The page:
So, here’s the thing. IT ecosystems are only as protected as their most vulnerable service. And yet, as IT professionals, it can sometimes feel like no one wants to even think about, much less take, the appropriate action to manage, control, and protect our environment. The unfortunate truth is that an organization could be exposed to a threat whenever we install something new, update an application, or allow an end user to download something onto their device. Done well, effective patching can protect your organization, its users, and its data from harm and keep things running smoothly.
This blog will look at the basics regarding vulnerability patching, what it is, what the patch process looks like, the challenges, and how to get started.
First things first, let’s cover the terminology:
A vulnerability is defined by the National Cyber Security Centre as “a weakness in an IT system that can be exploited by an attacker to deliver a successful attack”. They can occur through flaws, features, or user error, and attackers will look to exploit any of them, often combining one or more, to achieve their end goal.
Patches are pieces of code that can be applied to remove vulnerabilities from an IT system or service. Patches usually come from the vendors of the affected hardware or software.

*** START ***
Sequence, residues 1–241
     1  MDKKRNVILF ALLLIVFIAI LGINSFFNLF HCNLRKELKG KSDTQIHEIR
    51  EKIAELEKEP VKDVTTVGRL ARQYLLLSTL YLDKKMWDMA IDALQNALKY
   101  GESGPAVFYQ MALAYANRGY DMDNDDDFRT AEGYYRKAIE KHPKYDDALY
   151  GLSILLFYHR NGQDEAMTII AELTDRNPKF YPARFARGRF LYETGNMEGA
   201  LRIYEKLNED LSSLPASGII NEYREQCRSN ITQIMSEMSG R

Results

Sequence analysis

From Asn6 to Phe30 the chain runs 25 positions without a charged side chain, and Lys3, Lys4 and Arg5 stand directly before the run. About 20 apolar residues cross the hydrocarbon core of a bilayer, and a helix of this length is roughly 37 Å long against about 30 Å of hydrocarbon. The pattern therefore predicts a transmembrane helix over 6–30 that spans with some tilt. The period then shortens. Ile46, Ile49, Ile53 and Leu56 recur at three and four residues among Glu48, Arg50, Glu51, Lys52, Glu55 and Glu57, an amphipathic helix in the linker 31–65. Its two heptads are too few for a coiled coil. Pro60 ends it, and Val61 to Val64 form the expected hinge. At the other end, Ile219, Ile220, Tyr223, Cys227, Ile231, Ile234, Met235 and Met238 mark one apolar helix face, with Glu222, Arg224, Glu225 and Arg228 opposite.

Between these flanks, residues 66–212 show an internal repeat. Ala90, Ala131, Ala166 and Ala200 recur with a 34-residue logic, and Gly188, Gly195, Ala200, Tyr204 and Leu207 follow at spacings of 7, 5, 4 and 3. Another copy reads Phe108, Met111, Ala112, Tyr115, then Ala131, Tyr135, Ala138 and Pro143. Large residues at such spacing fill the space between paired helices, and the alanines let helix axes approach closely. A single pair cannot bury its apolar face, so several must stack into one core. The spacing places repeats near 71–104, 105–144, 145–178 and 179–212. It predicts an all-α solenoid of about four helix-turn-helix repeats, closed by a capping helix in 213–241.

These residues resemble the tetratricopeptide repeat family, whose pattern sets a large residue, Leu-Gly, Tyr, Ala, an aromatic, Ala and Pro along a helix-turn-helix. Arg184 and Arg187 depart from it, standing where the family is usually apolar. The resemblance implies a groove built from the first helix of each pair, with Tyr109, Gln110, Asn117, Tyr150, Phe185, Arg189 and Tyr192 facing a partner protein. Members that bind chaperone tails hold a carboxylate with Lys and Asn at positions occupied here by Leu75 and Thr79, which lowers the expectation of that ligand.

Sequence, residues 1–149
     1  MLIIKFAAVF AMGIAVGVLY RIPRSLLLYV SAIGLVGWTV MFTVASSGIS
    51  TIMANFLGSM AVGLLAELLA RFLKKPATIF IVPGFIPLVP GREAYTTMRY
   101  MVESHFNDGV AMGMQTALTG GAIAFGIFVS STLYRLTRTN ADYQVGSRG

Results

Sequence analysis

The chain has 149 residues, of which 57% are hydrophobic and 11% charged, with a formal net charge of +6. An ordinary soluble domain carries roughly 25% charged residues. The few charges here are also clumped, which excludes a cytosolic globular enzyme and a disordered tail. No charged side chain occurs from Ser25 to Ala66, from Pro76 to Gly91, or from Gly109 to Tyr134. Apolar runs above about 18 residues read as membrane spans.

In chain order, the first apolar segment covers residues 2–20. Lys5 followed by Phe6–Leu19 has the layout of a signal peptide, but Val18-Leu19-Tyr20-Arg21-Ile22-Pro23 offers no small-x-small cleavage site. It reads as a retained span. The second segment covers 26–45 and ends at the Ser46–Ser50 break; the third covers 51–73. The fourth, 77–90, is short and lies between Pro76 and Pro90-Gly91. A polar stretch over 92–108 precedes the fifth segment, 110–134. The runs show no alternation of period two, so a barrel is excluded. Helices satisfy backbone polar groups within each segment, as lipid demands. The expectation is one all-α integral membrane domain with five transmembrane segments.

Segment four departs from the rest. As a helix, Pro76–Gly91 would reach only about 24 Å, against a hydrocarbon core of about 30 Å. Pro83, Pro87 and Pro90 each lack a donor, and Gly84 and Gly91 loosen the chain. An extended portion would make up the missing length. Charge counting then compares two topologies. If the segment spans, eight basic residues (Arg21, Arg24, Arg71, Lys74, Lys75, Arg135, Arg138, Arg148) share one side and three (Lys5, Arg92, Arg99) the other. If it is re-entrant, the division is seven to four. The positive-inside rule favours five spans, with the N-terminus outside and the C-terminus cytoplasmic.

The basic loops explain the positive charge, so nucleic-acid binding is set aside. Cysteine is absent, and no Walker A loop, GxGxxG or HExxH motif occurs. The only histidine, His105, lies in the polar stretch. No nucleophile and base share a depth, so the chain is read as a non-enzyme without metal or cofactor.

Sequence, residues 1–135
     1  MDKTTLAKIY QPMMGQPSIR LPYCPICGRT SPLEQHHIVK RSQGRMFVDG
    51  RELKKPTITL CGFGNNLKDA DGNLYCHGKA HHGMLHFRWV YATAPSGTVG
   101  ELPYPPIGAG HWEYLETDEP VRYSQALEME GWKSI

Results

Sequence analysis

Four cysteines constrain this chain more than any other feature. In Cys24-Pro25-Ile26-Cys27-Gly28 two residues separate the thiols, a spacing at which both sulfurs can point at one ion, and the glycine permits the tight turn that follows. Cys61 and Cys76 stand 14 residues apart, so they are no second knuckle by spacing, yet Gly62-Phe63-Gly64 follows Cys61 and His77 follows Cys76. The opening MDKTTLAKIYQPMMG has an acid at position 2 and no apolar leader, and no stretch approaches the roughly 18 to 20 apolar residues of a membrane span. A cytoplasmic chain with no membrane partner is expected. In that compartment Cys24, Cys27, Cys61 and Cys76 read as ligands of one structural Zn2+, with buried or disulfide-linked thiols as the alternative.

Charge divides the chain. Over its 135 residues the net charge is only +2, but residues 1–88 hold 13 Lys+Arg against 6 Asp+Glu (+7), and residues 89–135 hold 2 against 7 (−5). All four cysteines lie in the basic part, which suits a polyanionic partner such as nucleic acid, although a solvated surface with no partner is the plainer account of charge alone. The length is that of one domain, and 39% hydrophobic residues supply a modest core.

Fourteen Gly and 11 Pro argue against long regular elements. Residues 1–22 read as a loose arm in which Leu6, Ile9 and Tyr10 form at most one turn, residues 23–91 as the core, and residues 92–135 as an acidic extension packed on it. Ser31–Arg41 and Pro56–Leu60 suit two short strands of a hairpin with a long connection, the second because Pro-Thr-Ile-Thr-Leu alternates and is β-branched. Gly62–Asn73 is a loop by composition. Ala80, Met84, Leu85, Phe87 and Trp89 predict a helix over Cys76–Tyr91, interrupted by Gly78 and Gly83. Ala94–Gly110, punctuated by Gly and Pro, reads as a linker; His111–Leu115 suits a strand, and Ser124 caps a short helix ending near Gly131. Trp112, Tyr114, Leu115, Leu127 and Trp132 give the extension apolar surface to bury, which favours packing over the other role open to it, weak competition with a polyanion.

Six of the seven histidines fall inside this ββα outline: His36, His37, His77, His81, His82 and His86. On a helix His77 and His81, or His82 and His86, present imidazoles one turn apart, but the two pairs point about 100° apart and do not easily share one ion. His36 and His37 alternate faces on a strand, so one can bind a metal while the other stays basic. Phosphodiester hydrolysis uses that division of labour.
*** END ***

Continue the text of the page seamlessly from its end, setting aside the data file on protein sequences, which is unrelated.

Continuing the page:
Vulnerability patching: the delivery of security patches to improve functionality or remove vulnerabilities from an IT system or service.
The first step in the process is identifying vulnerabilities and threats. The most common ways include:
Scanners and endpoint agents. Scans provide an understanding of known anomalies or vulnerabilities that could indicate a malware attack or malicious event has occurred.
Advisories from your hardware and software suppliers and third-party best practice organizations.
Penetration test results.
The next step is for IT to analyze the data and understand the nature of the threat and if it could be exploited on applications, servers, or networks. Not all vulnerabilities are created equal, so care must be taken to understand what vulnerabilities are present and prioritize accordingly. Not all vulnerabilities need to be patched, for example, if they’re not loaded to memory or if they’re not exploitable in your environment. The final step is to patch the vulnerability, ensuring that the appropriate testing is carried out and any downtime is agreed upon with the business to minimize service disruption.
In an ideal world, vulnerability patching would be the most straightforward IT activity to get done. As with everything, there’ll always be difficulties. Here are some of the most common challenges and potential ways around them:
Lack of ownership
IT security is sometimes treated as SEP or “someone else's problem”. It’s all well and good saying that everyone should be aware of IT security, but clear ownership needs to be assigned to ensure that security threats and vulnerabilities are identified, assessed, and acted on. Codify roles and responsibilities in a RACI chart so that everyone knows what they’re responsible for, and nothing gets lost or forgotten about.
Work with your organization's change management (or enablement) team to agree on an appropriate maintenance window for patching (and any subsequent reboots and downtime) and secure the proper approvals.
Lack of testing